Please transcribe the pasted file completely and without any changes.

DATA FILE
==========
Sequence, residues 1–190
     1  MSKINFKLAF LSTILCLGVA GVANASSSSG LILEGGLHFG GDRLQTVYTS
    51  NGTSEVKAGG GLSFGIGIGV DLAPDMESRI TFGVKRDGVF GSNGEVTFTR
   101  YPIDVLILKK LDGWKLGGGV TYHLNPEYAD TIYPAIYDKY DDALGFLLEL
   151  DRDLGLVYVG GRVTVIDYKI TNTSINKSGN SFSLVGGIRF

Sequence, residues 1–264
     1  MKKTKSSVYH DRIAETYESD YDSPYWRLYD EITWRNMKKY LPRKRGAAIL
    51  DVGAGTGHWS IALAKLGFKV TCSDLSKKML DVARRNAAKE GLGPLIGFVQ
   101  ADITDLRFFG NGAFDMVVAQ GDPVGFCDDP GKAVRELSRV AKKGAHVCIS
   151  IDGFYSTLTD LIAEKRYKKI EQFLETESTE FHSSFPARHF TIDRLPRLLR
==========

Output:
Sequence, residues 1–190
     1  MSKINFKLAF LSTILCLGVA GVANASSSSG LILEGGLHFG GDRLQTVYTS
    51  NGTSEVKAGG GLSFGIGIGV DLAPDMESRI TFGVKRDGVF GSNGEVTFTR
   101  YPIDVLILKK LDGWKLGGGV TYHLNPEYAD TIYPAIYDKY DDALGFLLEL
   151  DRDLGLVYVG GRVTVIDYKI TNTSINKSGN SFSLVGGIRF

Sequence, residues 1–264
     1  MKKTKSSVYH DRIAETYESD YDSPYWRLYD EITWRNMKKY LPRKRGAAIL
    51  DVGAGTGHWS IALAKLGFKV TCSDLSKKML DVARRNAAKE GLGPLIGFVQ
   101  ADITDLRFFG NGAFDMVVAQ GDPVGFCDDP GKAVRELSRV AKKGAHVCIS
   151  IDGFYSTLTD LIAEKRYKKI EQFLETESTE FHSSFPARHF TIDRLPRLLR